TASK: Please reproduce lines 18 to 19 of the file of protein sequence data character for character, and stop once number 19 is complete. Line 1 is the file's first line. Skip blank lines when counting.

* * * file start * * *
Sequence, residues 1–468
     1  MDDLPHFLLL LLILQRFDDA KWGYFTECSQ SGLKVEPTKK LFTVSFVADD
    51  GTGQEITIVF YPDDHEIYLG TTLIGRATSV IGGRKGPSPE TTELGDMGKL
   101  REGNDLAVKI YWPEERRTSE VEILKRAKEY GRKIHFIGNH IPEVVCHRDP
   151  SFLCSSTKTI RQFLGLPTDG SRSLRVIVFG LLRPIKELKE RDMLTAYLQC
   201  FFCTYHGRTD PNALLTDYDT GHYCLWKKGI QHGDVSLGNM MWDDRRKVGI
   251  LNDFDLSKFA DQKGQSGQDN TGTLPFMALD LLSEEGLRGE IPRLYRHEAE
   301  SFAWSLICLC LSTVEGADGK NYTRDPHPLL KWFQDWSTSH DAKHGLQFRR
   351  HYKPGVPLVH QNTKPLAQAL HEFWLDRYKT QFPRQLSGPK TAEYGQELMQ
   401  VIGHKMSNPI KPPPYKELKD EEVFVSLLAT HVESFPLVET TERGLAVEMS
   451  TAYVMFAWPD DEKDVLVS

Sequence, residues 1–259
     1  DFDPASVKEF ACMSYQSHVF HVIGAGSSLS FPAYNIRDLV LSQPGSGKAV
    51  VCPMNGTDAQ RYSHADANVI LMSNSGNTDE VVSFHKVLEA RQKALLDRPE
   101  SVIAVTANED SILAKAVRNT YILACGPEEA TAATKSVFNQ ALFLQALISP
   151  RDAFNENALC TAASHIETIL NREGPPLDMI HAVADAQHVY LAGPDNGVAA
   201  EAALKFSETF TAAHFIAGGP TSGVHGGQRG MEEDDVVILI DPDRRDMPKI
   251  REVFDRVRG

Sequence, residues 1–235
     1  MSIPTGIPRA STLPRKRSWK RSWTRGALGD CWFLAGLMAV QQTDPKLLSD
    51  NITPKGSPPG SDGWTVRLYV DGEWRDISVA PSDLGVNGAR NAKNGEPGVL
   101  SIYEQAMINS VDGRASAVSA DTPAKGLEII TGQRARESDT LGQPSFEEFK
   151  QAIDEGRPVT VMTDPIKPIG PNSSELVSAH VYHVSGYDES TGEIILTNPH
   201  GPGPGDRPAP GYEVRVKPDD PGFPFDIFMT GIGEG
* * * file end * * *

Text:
   251  REVFDRVRG

Sequence, residues 1–235